When two of my sons recently returned on their separate but consecutive trips abroad to see their father, the question that family and friends asked me was, “How do you keep calm?“
The truth is, I knew a time would come when my sons would voluntarily travel to visit their father. I have been bracing myself for that inevitability for a long time. So, when they each announced their intention, I was not completely surprised. Of course, knowing that day would come was one thing. Being absolutely mentally prepared for it was another. However, even the initial resistance on my part didn’t last for long. After all, I knew I would be wasting precious time and energy and achieving nothing in the end.
There are several reasons for that. The first is quite simply, my faith. In recent years, I have become increasingly aware of the fact that whatever my emotions might tell me, my actions are circumscribed by the will of Allah. Deference to His command is what wins at the end of the day. So, trying to deny the inalienable rights of my children or their father over one another is a battle I am destined to lose right from the start. To be honest, I would not even begin to try. In facilitating a relationship between father and sons, or at least not being an obstacle to it, I stand to earn reward from Allah. In all honesty, their father may have made mistakes but malice was never part of his creed.
There is also the fragile nature of life itself. I have witnessed people that I know depart this world forever. Then I have heard of and seen others who have surrendered their own souls in pursuit of the duniya (temporal world) and yet happiness still eludes them. My own advanced age is a reminder that I definitely have lived the best years of my life in terms of my health. All these combined factors are a potent message that ultimately, my faith in Allah is what has – and will continue to – sustain me in the time that I have left, inshaAllah. So when a drama unfolds, I try these days to take a deep breath and pause before reacting recklessly. A few moments of inner contemplation and a firm faith in Allah’s wisdom are all it takes for a less explosive response. Knowing He is a better judge for what is good for me and putting things into perpective help to immediately placate my thoughts.
Tied with that, is the recent shift in focussing on me as first priority for a change. This isn’t just about ticking off exhilirating adventures on the ‘To Do’ list of life. It’s about clearing the board and leaving just two words on it: ‘Me’ and ‘Allah’. When that decluttering process has begun (and it has, Alhamdulillah), then I can think with a clear head.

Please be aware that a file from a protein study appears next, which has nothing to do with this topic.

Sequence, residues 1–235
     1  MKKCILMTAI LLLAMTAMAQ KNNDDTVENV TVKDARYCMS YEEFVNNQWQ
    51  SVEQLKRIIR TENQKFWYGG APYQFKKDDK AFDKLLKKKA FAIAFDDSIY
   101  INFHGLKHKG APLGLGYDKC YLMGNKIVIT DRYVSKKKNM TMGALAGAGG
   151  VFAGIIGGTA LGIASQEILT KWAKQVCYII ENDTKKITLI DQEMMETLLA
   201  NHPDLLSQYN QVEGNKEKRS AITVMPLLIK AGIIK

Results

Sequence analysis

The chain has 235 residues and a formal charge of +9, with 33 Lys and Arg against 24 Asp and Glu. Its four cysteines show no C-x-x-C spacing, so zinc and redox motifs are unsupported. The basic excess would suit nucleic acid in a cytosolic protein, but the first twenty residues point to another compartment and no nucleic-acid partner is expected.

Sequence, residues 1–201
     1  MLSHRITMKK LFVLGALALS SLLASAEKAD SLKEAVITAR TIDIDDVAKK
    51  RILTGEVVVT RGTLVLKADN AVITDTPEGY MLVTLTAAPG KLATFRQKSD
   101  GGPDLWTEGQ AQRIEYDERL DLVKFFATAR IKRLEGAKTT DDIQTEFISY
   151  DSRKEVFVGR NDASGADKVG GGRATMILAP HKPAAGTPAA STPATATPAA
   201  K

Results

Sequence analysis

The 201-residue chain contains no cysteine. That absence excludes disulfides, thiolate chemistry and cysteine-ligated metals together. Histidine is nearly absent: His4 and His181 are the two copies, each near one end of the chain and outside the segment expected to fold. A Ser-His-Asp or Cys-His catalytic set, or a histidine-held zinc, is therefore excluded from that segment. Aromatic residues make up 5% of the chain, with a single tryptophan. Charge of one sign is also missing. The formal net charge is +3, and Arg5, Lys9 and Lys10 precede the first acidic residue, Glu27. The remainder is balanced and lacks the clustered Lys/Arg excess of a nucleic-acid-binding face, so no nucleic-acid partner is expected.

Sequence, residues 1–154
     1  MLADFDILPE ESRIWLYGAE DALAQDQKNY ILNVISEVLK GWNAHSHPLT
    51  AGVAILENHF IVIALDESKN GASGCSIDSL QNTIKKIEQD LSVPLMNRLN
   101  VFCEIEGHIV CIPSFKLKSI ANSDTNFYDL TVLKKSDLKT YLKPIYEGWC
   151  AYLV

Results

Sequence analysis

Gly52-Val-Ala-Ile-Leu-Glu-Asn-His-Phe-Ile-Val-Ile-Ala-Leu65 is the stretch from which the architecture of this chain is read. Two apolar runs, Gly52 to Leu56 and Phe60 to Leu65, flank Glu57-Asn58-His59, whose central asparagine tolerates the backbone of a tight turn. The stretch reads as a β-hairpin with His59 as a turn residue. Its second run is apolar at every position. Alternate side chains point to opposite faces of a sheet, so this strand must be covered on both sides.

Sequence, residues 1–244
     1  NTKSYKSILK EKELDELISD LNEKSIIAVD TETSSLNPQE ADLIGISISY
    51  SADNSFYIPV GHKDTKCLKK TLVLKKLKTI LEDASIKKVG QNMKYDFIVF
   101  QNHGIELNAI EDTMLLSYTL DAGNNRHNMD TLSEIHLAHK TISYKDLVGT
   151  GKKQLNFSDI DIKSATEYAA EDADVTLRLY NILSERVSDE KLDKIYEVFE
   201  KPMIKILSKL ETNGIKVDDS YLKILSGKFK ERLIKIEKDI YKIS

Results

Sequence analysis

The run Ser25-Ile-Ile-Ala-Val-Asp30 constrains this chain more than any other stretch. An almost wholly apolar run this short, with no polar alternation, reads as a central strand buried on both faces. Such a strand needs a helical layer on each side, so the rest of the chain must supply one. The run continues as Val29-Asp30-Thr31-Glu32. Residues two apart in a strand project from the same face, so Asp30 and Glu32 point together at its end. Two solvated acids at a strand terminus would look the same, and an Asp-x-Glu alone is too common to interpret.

I understand that having faith is more than just a bunch of prescribed roles we perform in our daily lives. Though those are fundamentally core to the life of a Muslim, when they become perfunctory, that’s when problems arise. It’s a challenge to always remain spiritually and emotionally connected to the duties we inherit as Muslims but try we must. Alhamdulillah, older age offers a kind of mellowing out and calmness. I have noticed an increased insouciance within when it comes to news and trivia about my past husband and his family. That state comes from the understanding that Allah has chosen a better path for me now than I care to imagine. Although anger sometimes does threaten to bubble inside the pit of my stomach, Alhamdulillah, I am just as able to pacify myself once more. Light always overcomes darkness. Faith always overcomes irrationality.
Not far behind my thoughts about my ultimate purpose on this Earth, but intrinscally connected, are my own personal goals which I have set about trying to achieve. The space that they occupy in my mind is a welcome distraction from things which would otherwise derail my progress. More than ever before, I understand the need to keep busy and keep moving forward. It is no coincidence that those goals have saved me from self-destruction. I refuse to feel sorry for myself and I don’t believe that the world owes me anything as recompense for my loss. Besides, there is always much more pleasure in giving than receiving. And so I want to step out into the world and reciprocate what I have been blessed with. These days, I see the horizon on my future having expanded; divorce has allowed for that. My children are now young adults. Time is now my own again. I am still very much a socially active person and have never felt the need to hide away and practise self-pity. Alhamdulillah, instead I have seen how other opportunities to experience so much have opened up. I understand that:
Life is much bigger than marriage itself.
Life is much bigger than divorce itself.
And certainly, even if it’s a short road ahead of me, I am finally ready for this solo expedition, Alhamdulillah.
One thought on “A Leap of Faith”
Your positive energy and zest for life keeps you going. Whist there are sad times you evidently don’t ponder on it too much. That is because you don’t want to miss the wonderful life Allah has blessed you with. To say stay strong is pointless. You have shown that already by your actions. Enjoy life and look forward to what lies ahead. Any obstacles which we all have, inshallah with that mindset you will overcome.
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